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One-quarter of under-25s believe men should be head of the household

The Gender Matters in Ireland 2019 report said there has been a continuation of so-called lad culture.

17% of people believe that household chores like cooking and cleaning should be done by women.
17% of people believe that household chores like cooking and cleaning should be done by women.
Image: Shutterstock/Minerva Studio

YOUNGER PEOPLE OFTEN hold more rigid views on gender equality and roles, according to a new report from Safe Ireland. 

The Gender Matters in Ireland 2019 report showed that a significant number of people continue to hold traditional views of gender-based roles and responsibilities. 

26% of young people under 25 believe a man should be the head of a household. One-fifth of young people in this age group believe a man should drive the car for couples in heterosexual relationships. 

The research in the report was carried out for Safe Ireland, a government-funded agency working to end domestic abuse and coercive control.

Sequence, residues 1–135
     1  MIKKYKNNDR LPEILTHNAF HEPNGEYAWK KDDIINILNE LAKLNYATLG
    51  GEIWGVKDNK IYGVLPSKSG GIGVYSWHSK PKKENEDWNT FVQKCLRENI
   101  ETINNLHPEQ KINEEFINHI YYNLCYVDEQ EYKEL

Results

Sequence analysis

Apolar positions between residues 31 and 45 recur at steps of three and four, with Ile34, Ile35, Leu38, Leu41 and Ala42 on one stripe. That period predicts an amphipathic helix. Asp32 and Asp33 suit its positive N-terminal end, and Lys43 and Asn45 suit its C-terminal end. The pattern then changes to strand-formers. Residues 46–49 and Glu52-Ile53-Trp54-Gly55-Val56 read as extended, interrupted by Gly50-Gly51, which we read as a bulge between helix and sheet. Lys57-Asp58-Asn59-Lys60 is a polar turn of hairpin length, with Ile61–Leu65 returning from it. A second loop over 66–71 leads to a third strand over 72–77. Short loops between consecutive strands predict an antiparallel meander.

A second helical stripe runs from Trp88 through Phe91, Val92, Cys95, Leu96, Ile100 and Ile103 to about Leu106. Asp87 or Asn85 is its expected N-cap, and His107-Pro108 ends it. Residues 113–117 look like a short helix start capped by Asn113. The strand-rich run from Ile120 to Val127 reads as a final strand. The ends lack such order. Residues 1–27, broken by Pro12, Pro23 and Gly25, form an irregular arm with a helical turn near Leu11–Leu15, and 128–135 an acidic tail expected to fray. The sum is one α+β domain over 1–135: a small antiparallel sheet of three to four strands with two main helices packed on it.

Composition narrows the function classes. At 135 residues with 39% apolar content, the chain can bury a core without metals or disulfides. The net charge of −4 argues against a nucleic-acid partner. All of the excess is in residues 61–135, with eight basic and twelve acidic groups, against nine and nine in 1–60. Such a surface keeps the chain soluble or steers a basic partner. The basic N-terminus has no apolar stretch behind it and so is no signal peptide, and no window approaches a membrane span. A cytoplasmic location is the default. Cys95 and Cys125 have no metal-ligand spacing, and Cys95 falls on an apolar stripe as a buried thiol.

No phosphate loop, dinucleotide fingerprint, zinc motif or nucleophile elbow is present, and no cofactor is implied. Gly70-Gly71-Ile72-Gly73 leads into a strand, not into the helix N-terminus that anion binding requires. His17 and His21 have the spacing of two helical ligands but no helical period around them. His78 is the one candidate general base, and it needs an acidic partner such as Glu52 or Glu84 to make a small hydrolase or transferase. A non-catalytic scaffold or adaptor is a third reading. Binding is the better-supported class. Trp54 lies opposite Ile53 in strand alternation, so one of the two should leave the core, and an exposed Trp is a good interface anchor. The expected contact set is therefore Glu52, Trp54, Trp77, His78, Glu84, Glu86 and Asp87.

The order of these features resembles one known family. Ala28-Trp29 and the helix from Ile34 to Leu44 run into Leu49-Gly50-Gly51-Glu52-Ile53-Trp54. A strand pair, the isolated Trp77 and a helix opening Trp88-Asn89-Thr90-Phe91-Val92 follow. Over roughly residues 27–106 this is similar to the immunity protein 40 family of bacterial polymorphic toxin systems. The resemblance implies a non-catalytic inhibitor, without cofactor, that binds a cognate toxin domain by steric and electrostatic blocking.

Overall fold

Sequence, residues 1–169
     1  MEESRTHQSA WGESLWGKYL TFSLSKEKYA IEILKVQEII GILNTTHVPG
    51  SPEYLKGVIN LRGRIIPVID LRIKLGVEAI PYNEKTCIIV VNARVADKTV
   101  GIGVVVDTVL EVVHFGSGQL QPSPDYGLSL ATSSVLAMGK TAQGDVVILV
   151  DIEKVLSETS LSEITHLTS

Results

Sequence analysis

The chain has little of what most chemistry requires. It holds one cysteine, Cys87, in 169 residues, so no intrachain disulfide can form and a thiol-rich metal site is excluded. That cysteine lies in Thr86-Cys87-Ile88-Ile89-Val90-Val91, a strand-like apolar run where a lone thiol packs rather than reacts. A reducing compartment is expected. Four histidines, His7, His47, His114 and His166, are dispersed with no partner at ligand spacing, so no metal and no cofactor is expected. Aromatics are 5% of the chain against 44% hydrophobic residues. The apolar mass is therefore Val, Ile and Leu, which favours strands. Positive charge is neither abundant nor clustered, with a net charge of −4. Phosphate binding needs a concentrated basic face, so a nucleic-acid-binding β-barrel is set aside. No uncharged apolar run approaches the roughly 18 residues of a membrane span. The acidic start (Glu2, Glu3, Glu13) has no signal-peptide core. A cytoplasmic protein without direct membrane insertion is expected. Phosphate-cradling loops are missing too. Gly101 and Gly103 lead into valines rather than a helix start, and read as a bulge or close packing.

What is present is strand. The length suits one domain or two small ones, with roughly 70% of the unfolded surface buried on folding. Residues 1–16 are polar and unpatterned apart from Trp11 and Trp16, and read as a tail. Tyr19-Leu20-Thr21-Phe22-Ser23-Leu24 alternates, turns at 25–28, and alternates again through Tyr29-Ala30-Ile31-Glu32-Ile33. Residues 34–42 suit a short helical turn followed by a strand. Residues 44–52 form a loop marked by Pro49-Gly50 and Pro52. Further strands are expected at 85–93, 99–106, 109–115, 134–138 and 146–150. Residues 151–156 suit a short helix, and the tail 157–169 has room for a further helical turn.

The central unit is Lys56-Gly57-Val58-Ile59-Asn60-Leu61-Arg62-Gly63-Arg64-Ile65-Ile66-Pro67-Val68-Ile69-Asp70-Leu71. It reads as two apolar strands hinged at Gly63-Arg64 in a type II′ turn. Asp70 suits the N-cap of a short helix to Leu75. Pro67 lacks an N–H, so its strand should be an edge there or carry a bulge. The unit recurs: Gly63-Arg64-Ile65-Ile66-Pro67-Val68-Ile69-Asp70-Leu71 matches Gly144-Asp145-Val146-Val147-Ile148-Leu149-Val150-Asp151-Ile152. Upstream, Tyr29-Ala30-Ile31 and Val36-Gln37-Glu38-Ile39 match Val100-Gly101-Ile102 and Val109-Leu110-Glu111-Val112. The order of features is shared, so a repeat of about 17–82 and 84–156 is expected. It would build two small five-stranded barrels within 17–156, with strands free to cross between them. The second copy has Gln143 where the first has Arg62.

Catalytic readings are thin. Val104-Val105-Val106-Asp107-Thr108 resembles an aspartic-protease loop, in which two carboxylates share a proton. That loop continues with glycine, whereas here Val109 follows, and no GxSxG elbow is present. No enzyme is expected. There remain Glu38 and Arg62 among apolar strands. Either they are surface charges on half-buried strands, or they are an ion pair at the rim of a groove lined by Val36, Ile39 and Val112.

Caitriona Gleeson, programme and communications manager with the organisation, said these results show a “need to re-think the way we are teaching” young people about respect and equality.

“It also indicates that the views and actions of parents and older role-models may be reinforcing rigid views about home and societal positioning for men and women,” said Gleeson. 

Nearly 30% of over-65s believe that household chores like cooking and cleaning should be done by women, compared to 17% of people in general.  

The report indicated that so-called lad culture continues as younger women in particular say macho behaviour is a serious and intimidating issue faced regularly in their lives.  

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One-third of adults from farming backgrounds believe grocery shopping is a woman’s job, while just over one-fifth of people on average believe this. 

In terms of attitudes towards domestic violence, 20% of men said they believe women may provoke abuse against themselves, while 16% of adults in general feel this way. 

Women, younger people and those from rural backgrounds are more likely to disagree with the view that men should not have to admit that their feelings are hurt. 

The research in the report was conducted through surveys of around 830 adults. It was used to gather modern attitudes towards gender equality, roles and responsibilities.  

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